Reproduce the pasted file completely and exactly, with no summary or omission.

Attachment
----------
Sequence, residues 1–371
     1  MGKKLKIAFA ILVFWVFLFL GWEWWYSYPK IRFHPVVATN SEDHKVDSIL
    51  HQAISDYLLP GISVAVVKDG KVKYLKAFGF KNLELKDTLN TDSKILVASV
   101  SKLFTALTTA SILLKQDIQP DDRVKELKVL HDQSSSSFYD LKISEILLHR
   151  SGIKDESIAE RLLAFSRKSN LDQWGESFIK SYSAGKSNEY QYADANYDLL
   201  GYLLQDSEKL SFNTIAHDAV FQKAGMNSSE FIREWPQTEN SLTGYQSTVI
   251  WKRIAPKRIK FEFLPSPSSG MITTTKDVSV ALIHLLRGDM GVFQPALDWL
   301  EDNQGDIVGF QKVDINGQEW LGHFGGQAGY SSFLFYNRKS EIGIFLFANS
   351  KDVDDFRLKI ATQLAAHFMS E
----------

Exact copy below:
Sequence, residues 1–371
     1  MGKKLKIAFA ILVFWVFLFL GWEWWYSYPK IRFHPVVATN SEDHKVDSIL
    51  HQAISDYLLP GISVAVVKDG KVKYLKAFGF KNLELKDTLN TDSKILVASV
   101  SKLFTALTTA SILLKQDIQP DDRVKELKVL HDQSSSSFYD LKISEILLHR
   151  SGIKDESIAE RLLAFSRKSN LDQWGESFIK SYSAGKSNEY QYADANYDLL
   201  GYLLQDSEKL SFNTIAHDAV FQKAGMNSSE FIREWPQTEN SLTGYQSTVI
   251  WKRIAPKRIK FEFLPSPSSG MITTTKDVSV ALIHLLRGDM GVFQPALDWL
   301  EDNQGDIVGF QKVDINGQEW LGHFGGQAGY SSFLFYNRKS EIGIFLFANS
   351  KDVDDFRLKI ATQLAAHFMS E